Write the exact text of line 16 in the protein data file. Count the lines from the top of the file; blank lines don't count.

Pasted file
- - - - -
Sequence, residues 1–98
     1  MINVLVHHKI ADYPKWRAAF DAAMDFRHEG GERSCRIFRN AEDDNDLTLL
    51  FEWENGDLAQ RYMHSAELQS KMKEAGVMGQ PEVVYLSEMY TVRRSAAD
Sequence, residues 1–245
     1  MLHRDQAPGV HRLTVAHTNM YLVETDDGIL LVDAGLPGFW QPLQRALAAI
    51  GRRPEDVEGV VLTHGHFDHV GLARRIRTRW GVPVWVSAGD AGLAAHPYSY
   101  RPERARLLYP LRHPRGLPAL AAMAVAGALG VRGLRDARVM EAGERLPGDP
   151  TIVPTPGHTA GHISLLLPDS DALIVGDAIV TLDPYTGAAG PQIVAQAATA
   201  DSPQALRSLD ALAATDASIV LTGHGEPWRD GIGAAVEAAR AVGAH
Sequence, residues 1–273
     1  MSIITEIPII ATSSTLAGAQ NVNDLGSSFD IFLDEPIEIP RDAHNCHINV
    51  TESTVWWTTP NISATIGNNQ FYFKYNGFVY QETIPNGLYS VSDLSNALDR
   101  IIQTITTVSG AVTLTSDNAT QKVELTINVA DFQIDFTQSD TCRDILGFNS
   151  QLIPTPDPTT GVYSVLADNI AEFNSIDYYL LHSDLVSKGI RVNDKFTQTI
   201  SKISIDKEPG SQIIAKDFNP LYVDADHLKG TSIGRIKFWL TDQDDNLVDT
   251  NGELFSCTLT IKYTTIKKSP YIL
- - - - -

   251  NGELFSCTLT IKYTTIKKSP YIL